North Korea remains ‘open prison’

North Korea remains ‘open prison’

During the meeting between Trump and Kim were human rights the which child. However, it remains North Korea, a brutal dictatorship.

Whether or not she had had on Otto Warmbier, wanted journalists to know about Donald Trump during his news conference after the summit with Kim Jong-un in Singapore. ‘No, Otto, this would never …

Whether or not she had had on Otto Warmbier, wanted journalists to know about Donald Trump during his news conference after the summit with Kim Jong-un in Singapore. “Without Otto would have never happened. He died not in vain, ” replied the American president.

The 22-year-old American student was beginning 2016 picked up during a journey through North Korea because he was a propaganda poster had stolen. He got 15 years in prison, walked into the prison, brain damage, and was after a year and a half evacuated to the US, where he is on 13 July, 2017, passed away. Trump condemned when sharp the ‘brutality of the North Korean regime ” and invited in January the family of Warmbier even in his state of the union.

Short or detailed?

The evasive answer from Trump made it clear that human rights are not his first concern. “It was relatively briefly discussed, compared in the matter of the kernontwapening’, said the American president initially. When questions about the rights continued to come, corrected himself: “We have quite extensively discussed, quite at length. It was one of the most important topics. The situation there is pretty rough. We will do something about it. I think that it will change.’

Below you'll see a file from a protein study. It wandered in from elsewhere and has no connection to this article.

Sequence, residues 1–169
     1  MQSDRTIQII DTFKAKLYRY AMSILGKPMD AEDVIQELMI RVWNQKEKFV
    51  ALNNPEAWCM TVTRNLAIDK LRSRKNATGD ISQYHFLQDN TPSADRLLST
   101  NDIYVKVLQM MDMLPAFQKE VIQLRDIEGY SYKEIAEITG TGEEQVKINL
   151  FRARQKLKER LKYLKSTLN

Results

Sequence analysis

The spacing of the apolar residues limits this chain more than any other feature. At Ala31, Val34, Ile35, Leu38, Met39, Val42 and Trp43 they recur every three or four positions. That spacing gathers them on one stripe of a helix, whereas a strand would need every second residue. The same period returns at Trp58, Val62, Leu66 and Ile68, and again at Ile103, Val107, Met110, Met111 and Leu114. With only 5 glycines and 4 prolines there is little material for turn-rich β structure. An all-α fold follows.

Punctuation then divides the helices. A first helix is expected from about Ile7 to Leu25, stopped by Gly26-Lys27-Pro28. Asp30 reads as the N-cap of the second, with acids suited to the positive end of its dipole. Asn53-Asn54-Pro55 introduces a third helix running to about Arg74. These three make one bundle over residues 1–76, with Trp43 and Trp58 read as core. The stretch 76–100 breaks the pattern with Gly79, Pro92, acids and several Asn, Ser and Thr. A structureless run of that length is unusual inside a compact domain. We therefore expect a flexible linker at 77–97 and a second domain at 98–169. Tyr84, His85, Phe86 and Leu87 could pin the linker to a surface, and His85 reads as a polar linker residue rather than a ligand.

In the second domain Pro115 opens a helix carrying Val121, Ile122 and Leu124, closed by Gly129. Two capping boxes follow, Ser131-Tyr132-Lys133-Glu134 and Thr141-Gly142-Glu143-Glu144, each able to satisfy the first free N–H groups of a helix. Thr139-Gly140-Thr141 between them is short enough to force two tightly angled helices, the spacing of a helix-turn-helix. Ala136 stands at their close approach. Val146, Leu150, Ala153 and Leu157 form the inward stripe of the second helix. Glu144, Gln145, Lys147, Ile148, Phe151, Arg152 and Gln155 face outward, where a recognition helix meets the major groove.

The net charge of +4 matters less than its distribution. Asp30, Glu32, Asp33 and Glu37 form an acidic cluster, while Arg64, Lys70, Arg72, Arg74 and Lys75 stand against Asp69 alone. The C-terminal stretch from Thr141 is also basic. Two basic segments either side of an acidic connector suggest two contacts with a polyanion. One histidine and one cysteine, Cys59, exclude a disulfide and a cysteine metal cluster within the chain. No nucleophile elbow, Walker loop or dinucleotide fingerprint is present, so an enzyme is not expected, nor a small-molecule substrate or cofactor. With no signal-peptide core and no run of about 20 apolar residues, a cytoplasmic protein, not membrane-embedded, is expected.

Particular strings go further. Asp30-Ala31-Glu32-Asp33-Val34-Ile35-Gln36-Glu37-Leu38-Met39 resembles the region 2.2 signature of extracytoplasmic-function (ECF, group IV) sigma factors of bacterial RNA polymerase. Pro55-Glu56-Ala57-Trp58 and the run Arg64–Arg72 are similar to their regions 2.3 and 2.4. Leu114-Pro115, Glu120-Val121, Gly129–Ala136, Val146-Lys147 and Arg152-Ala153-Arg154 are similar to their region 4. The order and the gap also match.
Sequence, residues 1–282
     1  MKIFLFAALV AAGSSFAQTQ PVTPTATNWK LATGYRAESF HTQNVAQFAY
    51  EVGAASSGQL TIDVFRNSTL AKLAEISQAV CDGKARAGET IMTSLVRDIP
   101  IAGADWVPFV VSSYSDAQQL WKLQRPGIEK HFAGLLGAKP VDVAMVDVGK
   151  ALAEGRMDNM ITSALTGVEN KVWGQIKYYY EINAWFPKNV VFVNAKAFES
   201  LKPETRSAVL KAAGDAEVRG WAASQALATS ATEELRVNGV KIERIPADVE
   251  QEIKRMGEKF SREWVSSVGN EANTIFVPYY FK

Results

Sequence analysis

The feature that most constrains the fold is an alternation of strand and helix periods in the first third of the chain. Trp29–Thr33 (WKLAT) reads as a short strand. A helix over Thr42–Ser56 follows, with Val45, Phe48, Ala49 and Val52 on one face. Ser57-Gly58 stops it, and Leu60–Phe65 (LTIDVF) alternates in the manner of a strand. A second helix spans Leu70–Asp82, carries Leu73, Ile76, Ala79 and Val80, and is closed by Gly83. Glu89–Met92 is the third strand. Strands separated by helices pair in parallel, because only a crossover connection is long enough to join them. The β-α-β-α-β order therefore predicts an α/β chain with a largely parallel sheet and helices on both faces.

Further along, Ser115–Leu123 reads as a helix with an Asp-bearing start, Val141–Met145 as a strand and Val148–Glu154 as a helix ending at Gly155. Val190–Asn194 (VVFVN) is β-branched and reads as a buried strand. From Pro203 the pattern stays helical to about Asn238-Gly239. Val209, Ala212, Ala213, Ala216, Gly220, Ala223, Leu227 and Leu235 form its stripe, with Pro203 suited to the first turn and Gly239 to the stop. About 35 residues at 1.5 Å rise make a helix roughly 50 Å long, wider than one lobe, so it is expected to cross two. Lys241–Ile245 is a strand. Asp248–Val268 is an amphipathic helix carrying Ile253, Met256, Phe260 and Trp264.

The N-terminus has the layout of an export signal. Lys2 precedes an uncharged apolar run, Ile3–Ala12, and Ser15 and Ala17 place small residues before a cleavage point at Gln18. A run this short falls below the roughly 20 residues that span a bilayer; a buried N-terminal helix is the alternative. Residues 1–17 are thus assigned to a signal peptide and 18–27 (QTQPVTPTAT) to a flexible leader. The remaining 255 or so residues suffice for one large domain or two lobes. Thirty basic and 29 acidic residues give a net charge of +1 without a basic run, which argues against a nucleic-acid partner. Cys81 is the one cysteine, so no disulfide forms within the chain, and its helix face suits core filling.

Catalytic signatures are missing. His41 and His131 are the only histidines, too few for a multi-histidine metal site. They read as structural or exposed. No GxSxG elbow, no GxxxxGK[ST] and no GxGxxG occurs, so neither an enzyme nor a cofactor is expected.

But the declaration that the American president and his North Korean colleague signed, contains not one word about human rights. A few days after his allies on the top of the G7 in Canada had put it as profiteers, let Trump know that he is a ‘special relationship’ has developed with Kim Jong-un. He is arguing that he wants to do. He is very smart. This is a very different president.”


“North Korea remains one of the most repressive, authoritarian countries in the world’, writes the human rights organization Human Rights Watch in its report in 2017. Kim Jong-un came to power in 2011.

“The government in Pyongyang constrains all essential human rights, including freedom of expression, of assembly and of religion. They restricted any organized political opposition, independent media, free trade unions and independent ngos. Arbitrary arrests, torture in detention, forced labour and public executions continue to be for a climate of fear and control’, says Human Rights Watch.

In a report from the 2014 proposed a UN commission, on the basis of conversations with North Korean victims and witnesses that there are between 80,000 and 120,000 political prisoners are held in four major prisons, where they are in horrible conditions and lived and where torture was. The report also mentioned slavery, forced abortions and other sexual violence, the forced displacement of civilians, and even the inhuman act in which one deliberately slow starvation caused’.
A South Korean think tank, the Institute for National Security Strategy, decided at the end of 2016 that Kim in five years time at least 340 people had to execute.

Not too excited

“The increased dialogue between North Korea and other countries is a positive step,” said Brad Adams, director Asia of Human Rights Watch, all for the top. ‘For the world to be excited, one should not forget that Kim is still the president of perhaps the most repressive system in the world. Kim Jong-un tries to be an international statesman. But his efforts will fail as long as his country continues to consider it as the largest open prison of the world.”

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